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Hey everyone, I have a 2010 AWD 300C on the way. Been shopping for superchargers and am comparing the SMS 296, Arrington TVS 2300, Vortech V3 and Procharger HO. Plan on adding headers, exhaust and KW V2 suspension. If I missed one for the 5.7 that is still available please add. Comparing HP/TQ gains, reliability, and maintenance which supercharger do you think is the best and best value?
If you have all ready posted information on superchargers on the forum, chances are I have all ready read it but would love an update on your supercharger. Thanks, Rich
 

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Picked up my 2010 300C AWD the other day and am very happy with it.
I have been leaning towards the Vortech kit as everything I've read points to better fuel economy until you put your foot into it. Looking more into the TVS 2300 set up. So far it looks like since it is belt driven you will lose maybe 1-2 mpg under normal conditions but seems to offer more HP/TQ gains throughout all rpms. Can anyone verify? Thanks!
 

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Picked up my 2010 300C AWD the other day and am very happy with it.
I have been leaning towards the Vortech kit as everything I've read points to better fuel economy until you put your foot into it. Looking more into the TVS 2300 set up. So far it looks like since it is belt driven you will lose maybe 1-2 mpg under normal conditions but seems to offer more HP/TQ gains throughout all rpms. Can anyone verify? Thanks!
Congrats on the new ride. I like the twin screw for a supercharger but if you are concerned with mpg you should really look at a turbo, especially for higher boost. A good intercooler on either will help keep you in better priced gas. Don't know how much boost the new 5.7L pistons will take but they look very stout. Keep us posted on your choice and results.
 

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if you want to go boost on a 5.7 if it were me, i would go with twin turbos my self from sts but if your set on supercharging then procharger, kenne belle, techo, vortech are all good options keep it around 6psi on a stock 5.7 engine
 

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be careful not to run too much power / boost ...... AWDs have particularly stressed drive components - I believe the transfer box needs an upgrade to take the extra horses, but no-one seems to make upgraded components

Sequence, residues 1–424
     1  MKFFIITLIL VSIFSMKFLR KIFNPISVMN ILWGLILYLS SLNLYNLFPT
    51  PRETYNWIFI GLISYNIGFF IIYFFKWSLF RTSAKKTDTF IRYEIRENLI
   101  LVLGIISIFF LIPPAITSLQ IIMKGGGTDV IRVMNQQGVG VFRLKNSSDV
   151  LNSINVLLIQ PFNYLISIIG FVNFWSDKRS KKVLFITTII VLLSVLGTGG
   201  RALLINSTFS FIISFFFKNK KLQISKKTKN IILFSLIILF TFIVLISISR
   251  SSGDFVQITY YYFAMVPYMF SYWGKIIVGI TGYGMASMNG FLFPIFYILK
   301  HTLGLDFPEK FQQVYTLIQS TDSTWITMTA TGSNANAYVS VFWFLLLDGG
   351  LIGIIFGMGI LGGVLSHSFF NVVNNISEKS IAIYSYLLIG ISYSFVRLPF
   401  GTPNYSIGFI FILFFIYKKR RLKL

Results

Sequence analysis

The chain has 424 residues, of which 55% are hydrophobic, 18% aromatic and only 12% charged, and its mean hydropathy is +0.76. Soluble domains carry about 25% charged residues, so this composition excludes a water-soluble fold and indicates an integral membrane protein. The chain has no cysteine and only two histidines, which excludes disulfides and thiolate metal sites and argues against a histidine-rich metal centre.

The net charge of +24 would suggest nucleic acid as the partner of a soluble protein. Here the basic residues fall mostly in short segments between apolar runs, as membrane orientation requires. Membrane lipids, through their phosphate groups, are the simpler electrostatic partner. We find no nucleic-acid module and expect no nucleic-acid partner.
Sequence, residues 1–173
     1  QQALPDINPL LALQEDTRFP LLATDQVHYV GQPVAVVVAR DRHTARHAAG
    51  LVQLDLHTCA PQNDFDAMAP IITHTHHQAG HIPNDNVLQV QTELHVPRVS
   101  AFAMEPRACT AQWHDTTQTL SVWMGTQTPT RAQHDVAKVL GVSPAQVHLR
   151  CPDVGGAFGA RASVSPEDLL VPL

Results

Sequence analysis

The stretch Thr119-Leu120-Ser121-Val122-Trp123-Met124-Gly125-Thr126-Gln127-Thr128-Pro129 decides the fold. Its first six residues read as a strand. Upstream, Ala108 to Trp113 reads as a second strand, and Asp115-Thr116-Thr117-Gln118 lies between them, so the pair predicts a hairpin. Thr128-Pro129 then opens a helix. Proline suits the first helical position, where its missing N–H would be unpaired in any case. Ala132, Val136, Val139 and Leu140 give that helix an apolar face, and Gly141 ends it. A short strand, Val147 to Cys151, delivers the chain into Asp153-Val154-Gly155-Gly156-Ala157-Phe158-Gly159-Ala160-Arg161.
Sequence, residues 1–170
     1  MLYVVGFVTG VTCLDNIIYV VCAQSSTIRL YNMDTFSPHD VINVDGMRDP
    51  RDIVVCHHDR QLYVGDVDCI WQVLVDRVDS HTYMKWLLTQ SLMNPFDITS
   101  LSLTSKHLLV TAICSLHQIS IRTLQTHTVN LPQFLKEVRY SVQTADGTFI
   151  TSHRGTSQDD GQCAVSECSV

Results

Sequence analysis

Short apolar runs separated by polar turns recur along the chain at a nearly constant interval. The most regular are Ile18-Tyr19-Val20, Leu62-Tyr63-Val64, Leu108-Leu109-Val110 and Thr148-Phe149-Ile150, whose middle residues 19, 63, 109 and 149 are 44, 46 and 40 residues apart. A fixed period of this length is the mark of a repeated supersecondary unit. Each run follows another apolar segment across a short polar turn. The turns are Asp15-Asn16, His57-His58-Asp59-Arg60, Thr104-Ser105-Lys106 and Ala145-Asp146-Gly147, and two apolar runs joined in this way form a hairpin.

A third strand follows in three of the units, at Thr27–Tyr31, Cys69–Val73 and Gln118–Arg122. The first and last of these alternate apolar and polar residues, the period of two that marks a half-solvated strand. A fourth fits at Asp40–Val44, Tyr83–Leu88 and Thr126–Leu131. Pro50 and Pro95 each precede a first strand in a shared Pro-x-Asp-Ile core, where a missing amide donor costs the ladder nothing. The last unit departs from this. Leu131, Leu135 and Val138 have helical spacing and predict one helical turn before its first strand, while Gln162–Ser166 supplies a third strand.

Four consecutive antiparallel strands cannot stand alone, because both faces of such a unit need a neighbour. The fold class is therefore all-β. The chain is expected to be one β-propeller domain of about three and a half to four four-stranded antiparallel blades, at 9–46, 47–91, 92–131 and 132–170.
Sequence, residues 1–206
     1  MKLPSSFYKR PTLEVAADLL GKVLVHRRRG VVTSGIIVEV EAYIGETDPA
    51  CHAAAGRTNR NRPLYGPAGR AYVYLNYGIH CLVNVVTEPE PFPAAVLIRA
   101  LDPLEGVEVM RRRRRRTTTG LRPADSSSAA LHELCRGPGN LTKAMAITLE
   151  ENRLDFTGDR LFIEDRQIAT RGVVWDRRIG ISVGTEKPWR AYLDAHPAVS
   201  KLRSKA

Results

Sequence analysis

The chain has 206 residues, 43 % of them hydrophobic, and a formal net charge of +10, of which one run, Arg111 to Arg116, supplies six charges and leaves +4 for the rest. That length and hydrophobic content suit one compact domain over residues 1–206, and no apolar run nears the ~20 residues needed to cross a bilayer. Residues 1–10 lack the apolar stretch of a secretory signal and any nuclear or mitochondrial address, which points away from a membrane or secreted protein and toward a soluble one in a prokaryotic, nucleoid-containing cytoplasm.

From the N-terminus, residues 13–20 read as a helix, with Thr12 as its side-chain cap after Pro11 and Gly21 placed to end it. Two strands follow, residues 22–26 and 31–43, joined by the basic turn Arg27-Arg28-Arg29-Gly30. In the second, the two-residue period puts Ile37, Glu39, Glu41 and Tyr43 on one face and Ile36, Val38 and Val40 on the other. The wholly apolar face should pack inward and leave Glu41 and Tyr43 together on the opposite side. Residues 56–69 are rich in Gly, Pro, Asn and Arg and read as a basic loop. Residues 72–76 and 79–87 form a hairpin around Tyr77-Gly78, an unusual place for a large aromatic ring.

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if you want to go boost on a 5.7 if it were me, i would go with twin turbos my self from sts but if your set on supercharging then procharger, kenne belle, techo, vortech are all good options keep it around 6psi on a stock 5.7 engine
Very good advise for pre-2009 5.7L engines but may be outdated for 2009 and up. The top ring lands are much improved with the newer engines.


be careful not to run too much power / boost ...... AWDs have particularly stressed drive components - I believe the transfer box needs an upgrade to take the extra horses, but no-one seems to make upgraded components
Myth
 

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midnightsun300c said:
really? yet theres lots of people claiming that. Either way, I have no stories from over here.... we dont get them & never have (or the 5.7 / 3.5 engines any more - its diesel or 6.1 only now....and those seem to be missing pending the new model arriving). Still it would be a shame to spend lots of money to find it wasnt a myth - do you have evidence either way, it would be useful to have a source to read?
 

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really? yet theres lots of people claiming that. Either way, I have no stories from over here.... we dont get them & never have (or the 5.7 / 3.5 engines any more - its diesel or 6.1 only now....and those seem to be missing pending the new model arriving). Still it would be a shame to spend lots of money to find it wasnt a myth - do you have evidence either way, it would be useful to have a source to read?